The PTSD Trap: Our Overdiagnosis of PTSD In Vets Is Enough to Make You Sick

Standing Watch

Standing Watch. Photo courtesy U.S. Army

Author’s note: This story originally appeared in Scientific American, April 2009. As the suggestion of U.S. Army medical student Petulant Skeptic (see below), I am re-publishing it here, open access, because the return of veterans of the Iraq and Afghanistan wars renews the importance of examining our ideas about how most soldiers react to combat. As noted in Petulant Skeptic’s preface below, the U.S. press and populace seems all too ready to attribute every trouble suffered or made by combat veterans a sign of searing trauma. We can do better.    – David Dobbs

Preface by Petulant Skeptic, U.S. Army.

As America rushes to understand SSgt Robert Bales’ alleged murder of 16 Afghan civilians there will be, and already is (see: here, here, and here), a renewed interest in Post Traumatic Stress Disorder (PTSD) and Traumatic Brain Injury (TBI) among those who have served in Afghanistan and Iraq. While the media have been more restrained in blaming Bales’ purported PTSD or TBI than they were with Benjamin Barnes—the Mt. Rainier Shooter three months ago (see here for a recap)—there continues to be precious little examination of PTSD’s prevalence and persistence among veterans. As a soldier, a medical student, and someone interested in these “invisible” injuries of war I find myself often paraphrasing David’s article in order to elucidate the confusing nomenclatures, conflated diagnoses and backwards incentives of how the Department of Veteran’s Affairs handles PTSD. Rather than rush to understand Bales, let’s use this time to let the facts of that case settle and resolve — and take this as an opportunity to reexamine a broken system for the good of those who suffer below the radar of national calamity.

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The Post-Traumatic Stress Trap

by David Dobbs

In 2006, soon after returning from military service in Ramadi, Iraq, during the bloodiest period of the war, Captain Matt Stevens of the Vermont National Guard began to have a problem with PTSD, or post-traumatic stress disorder. Stevens’s problem was not that he had PTSD. It was that he began to have doubts about PTSD: The condition was real, he knew, but as a diagnosis he saw it being dangerously overemphasized.

Stevens led the medics tending an armored brigade of 800 soldiers, and his team patched together GIs and Iraqi citizens almost every day. He saw horrific things. Once home, he had his share, he says, of “nights where I’d wake up and it would be clear I wasn’t going to sleep again.”

He was not surprised: “I would expect people to have nightmares for a while when they came back.” But as he kept track of his unit in the U.S., he saw  troops greeted by both a larger culture and a medical culture, especially in the Department of Veterans Affairs (VA), that seemed reflexively to view bad memories, nightmares and any other sign of distress as an indicator of PTSD.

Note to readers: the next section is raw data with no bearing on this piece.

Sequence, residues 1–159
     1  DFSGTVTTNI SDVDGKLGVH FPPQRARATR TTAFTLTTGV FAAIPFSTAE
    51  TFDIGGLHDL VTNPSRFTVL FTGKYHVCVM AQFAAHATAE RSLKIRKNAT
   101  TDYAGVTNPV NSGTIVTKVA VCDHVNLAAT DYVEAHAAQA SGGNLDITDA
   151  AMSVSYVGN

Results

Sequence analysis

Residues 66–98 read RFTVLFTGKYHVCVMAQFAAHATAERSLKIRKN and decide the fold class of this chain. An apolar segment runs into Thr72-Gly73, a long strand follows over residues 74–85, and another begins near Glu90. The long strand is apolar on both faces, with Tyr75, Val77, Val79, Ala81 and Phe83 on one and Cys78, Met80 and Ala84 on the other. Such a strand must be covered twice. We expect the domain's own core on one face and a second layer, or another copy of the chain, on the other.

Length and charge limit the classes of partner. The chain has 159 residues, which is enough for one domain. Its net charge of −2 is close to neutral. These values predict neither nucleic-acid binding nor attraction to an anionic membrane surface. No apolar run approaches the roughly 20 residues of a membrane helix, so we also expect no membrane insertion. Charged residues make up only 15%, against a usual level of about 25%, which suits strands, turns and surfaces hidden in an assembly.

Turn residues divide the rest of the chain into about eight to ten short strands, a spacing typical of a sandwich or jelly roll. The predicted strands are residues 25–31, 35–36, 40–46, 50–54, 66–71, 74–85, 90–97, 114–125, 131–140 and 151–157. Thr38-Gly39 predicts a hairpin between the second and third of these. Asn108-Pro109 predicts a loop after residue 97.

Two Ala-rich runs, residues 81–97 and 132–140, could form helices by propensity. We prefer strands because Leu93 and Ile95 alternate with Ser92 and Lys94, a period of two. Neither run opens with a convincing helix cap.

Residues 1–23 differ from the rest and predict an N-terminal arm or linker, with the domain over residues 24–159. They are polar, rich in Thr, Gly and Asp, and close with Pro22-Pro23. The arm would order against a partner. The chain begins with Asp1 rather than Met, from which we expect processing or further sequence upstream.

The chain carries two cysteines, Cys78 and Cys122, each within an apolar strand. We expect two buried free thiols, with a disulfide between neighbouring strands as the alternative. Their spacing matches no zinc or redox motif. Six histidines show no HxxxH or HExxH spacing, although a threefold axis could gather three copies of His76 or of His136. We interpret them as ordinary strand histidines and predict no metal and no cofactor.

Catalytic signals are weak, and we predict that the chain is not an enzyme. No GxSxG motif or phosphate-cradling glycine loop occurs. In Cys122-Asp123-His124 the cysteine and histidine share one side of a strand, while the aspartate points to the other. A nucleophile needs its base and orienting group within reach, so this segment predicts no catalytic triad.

“Clinicians aren’t separating the few who really have PTSD from those who are experiencing things like depression or anxiety or social and reintegration problems, or who are just taking some time getting over it,” says Stevens. He worries that many of these men and women are being pulled into a treatment and disability regime that will mire them in a self-fulfilling vision of a brain rewired, a psyche permanently haunted.

Stevens, now a major, and still on reserve duty while he works as a physician’s assistant, is far from alone in worrying about the reach of PTSD. Over the last five years or so, a long-simmering academic debate over PTSD’s conceptual basis and rate of occurrence has begun to boil over into the practice of trauma psychology and to roil military culture as well. Critiques, originally raised by military historians and a few psychologists, are now being advanced by a broad array of experts, including giants of psychology, psychiatry, diagnosis, and epidemiology such as Columbia’s Robert Spitzer and Michael First, who oversaw the last two editions of the American Psychiatric Association’s Diagnostic and Statistical Manual of Mental Disorders, the DSM-III and DSM-IV; Paul McHugh, the longtime chair of Johns Hopkins University’s psychiatry department;  Michigan State University epidemiologist Naomi Breslau; and Harvard University psychologist Richard McNally, a leading authority in the dynamics of memory and trauma, and perhaps the most forceful of the critics. The diagnostic criteria for PTSD, they assert, represent a faulty, outdated construct that has been badly overextended so that it routinely mistakes depression, anxiety, or even normal adjustment for a unique and particularly stubborn ailment.